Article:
Salt Marshes Succumb to Sea Level Rise
- For the past 50 years, researchers from the Marine Biological Laboratory (MBL) have monitored the vegetative cover of the Great Sippewissett Marsh in Falmouth, Massachusetts, to examine the effects of increased nitrogen levels on the marsh grass species there.
What are Salt Marshes?
- Salt marshes are salt-tolerant rooted vegetation and present in a low-energy transition zone between submerged and emerged environments, occupying the upper margins of the inter-tidal landscape.
- These plants are able to withstand high salinity and regular submersion due to regular or occasional immersion by the tides.
- They are the major blue carbon ecosystems, with a greater latitudinal extent than mangroves, and are dominated by herbaceous and halophytic shrubs rather than trees.
- Salt marshes provide a unique habitat for a large number of species that cannot survive in other habitats. Therefore, they are an essential element in our ecological structure.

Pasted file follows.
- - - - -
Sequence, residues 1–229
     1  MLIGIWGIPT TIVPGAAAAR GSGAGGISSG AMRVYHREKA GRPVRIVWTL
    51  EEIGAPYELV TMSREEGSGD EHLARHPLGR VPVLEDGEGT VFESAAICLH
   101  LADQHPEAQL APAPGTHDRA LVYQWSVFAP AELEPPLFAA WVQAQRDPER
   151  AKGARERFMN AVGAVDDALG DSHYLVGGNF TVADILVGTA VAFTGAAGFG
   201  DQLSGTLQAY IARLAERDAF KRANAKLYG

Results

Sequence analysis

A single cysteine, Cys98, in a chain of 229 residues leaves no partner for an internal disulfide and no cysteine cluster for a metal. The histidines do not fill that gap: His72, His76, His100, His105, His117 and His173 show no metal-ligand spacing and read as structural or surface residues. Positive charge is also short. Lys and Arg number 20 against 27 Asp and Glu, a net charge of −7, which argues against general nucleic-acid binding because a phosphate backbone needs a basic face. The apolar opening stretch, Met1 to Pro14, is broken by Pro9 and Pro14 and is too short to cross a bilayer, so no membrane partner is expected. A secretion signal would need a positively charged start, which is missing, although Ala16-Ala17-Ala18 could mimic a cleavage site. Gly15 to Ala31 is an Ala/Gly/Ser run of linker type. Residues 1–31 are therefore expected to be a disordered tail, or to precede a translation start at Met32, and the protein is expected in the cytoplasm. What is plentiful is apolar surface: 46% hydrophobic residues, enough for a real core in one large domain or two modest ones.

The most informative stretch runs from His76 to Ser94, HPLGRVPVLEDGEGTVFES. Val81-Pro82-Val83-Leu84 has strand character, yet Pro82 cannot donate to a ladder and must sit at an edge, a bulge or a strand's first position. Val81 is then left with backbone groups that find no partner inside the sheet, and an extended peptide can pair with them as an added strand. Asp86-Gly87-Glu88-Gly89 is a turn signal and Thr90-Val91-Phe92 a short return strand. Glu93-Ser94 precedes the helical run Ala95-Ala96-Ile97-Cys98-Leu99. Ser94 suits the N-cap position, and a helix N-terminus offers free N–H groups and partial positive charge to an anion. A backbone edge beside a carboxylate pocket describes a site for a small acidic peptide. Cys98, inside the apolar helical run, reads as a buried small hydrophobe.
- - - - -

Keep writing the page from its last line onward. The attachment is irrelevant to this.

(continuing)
Ecological significance of Salt Marshes
- Protects the coast: Salt marshes are the “ecological guardians of the coast” that maintain healthy fisheries, coastlines and communities.
- Habitat for Aquatic life: They provide shelter, food and nursery grounds for coastal fisheries species including shrimp, crab and many finfish.
- Buffer against erosion: They also protect shorelines from erosion by creating a buffer against wave action and by trapping soils.
- Protection against floods: In flood prone areas, salt marshes reduce the flow of flood waters and absorb rainwater.
- Maintain Water quality: They also help to maintain water quality in coastal bays, sounds and estuaries by filtering runoff and excess nutrients.
- Carbon sinks: Salt marshes and other coastal wetlands also serve as “carbon sinks,” holding carbon that would otherwise be released into the atmosphere and contribute to climate change.
What are the Threats to Salt Marshes?
- One of the most significant of these threats is sea level rise.
- Introduction of excess nitrogen, which can alter the balance of plant species
- Construction of seawalls and other structures along the coast, can also prevent salt marshes from migrating landward
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